PernixData FVP 1.0 is GA

pernixdataBefore I left for PTO, I wrote an article on a number of different storage vendors you should be checking out at this year’s VMworld 2013. One of these was a new start-up called PernixData. With tongue firmly in cheek, I suggested that PernixData might use VMworld as a launchpad of their FVP (Flash Virtual Platform) product. Well, needless to say, my good friend Satyam Vaghani, CTO at PernixData, reached out to me to say that they were in fact announcing FVP before VMworld. He shared some details with me, which I can now share with you if you haven’t heard about the announcement.

PernixData are positioning FVP as the ‘first flash hypervisor’. In a nutshell, PernixData FVP clusters server-side flash into a new tier that enables storage performance to scale out independent of capacity. The product is integrated with vSphere through the installation of a VIB (vSphere Installation Bundle), supports VMware cluster operations like DRS & HA, but more importantly, it provides support for both read (write-thru) and write (write-back) cache. Write-back means that the write will be acknowledged before it gets stored on the hard disk. This is allowable since, with FVP, all writes are replicated which protects the data should any single flash device fails. You can now have a virtual machine with both read and write caching, and still do operations such as vMotion, etc. The fact that it is using flash is completely transparent to the virtual machine; it simply benefits from the accelerated I/O. This is something quite unique in my opinion – and remember, this is all done in software. And this is available now.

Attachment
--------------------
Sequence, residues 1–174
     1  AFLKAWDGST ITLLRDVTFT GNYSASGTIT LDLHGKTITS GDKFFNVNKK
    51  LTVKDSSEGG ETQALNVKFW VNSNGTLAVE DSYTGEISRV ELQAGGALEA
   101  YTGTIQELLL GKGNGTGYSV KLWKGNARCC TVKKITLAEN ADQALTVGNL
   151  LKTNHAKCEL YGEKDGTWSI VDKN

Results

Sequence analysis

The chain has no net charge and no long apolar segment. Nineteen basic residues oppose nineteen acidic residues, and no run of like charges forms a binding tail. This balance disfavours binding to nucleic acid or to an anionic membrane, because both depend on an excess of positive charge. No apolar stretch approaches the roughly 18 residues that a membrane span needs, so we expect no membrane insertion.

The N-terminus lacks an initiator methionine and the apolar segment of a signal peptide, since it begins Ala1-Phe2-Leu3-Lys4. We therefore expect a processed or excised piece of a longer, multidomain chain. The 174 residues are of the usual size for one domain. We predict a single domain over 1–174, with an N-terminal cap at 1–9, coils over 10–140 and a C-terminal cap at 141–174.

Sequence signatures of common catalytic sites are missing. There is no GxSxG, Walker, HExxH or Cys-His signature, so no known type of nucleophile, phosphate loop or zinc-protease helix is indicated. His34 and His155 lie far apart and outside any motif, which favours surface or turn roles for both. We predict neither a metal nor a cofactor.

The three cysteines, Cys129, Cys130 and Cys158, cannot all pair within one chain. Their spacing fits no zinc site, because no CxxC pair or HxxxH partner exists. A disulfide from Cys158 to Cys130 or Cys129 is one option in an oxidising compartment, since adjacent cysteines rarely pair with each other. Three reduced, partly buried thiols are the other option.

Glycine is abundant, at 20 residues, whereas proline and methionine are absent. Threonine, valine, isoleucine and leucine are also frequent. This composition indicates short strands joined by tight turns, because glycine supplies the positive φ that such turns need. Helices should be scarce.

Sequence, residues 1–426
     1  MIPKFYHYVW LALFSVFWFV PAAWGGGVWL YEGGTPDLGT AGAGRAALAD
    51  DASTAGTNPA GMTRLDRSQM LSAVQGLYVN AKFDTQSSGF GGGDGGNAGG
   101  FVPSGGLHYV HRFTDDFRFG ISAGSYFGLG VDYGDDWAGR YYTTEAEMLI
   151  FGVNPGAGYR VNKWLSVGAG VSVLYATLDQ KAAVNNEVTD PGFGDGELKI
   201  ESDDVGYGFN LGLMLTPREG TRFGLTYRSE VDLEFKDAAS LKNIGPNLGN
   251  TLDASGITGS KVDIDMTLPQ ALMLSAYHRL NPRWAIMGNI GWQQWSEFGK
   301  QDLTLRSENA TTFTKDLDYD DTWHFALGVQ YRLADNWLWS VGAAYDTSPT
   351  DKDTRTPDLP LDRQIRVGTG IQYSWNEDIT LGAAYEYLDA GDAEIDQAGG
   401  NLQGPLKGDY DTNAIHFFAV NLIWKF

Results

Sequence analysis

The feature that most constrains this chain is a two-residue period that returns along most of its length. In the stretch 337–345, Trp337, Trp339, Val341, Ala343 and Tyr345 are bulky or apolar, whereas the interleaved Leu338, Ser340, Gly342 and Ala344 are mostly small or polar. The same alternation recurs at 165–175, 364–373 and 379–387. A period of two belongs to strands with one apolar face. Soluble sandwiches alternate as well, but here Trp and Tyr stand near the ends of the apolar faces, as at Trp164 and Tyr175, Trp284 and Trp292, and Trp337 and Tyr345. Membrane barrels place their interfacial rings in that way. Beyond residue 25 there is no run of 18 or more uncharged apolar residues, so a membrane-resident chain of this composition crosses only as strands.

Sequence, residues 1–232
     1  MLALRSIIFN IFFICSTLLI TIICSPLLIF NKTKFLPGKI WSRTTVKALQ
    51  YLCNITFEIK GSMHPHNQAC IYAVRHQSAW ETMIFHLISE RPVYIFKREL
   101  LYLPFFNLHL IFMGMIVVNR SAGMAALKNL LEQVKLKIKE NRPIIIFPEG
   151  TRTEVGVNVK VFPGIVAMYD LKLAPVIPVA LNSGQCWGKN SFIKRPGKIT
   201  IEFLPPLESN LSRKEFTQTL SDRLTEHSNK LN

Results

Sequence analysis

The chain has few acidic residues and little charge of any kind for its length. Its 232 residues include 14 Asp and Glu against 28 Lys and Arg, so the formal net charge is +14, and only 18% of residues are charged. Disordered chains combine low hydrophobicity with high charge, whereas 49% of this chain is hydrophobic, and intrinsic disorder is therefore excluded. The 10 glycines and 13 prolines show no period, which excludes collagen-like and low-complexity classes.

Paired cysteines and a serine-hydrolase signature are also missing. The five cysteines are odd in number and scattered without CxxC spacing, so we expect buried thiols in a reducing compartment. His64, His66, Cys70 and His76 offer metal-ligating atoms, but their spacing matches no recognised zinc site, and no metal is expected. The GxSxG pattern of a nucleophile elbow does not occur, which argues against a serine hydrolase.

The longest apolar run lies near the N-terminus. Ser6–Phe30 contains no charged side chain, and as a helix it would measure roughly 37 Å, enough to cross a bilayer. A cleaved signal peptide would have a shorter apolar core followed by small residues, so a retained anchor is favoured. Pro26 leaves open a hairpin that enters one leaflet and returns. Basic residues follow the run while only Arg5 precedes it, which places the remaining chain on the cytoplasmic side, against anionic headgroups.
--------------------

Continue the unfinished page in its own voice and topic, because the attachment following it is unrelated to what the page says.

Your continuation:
If you want more detail on PernixData, you can visit their website here where you will find data sheets and white papers. For more details, Frank Denneman has a great series of articles here.

PernixData have also shared some initial pricing details. For their enterprise bundle, the cost is $7,500 per host which allows you to use cache on an unlimited number of virtual machines on that host. I have also heard that PernixData are actively working on additional packages for SMB and Service Providers.

PernixData are a silver sponsor at VMworld 2013. I’d definitely recommend checking them out in the Solutions Exchange if you are attending VMworld this year.

3 comments
  1. Sounds very interesting. Especially if like where I work, additional capacity is easy and cheap relatively speaking compared to increasing performance as the storage array.

    What method does the cache use to replicate cached contents? Does the cache have to to be copied to another node before the write io is acknowledged? Akin to EMC dram cache operations in CX and vnx arrays?

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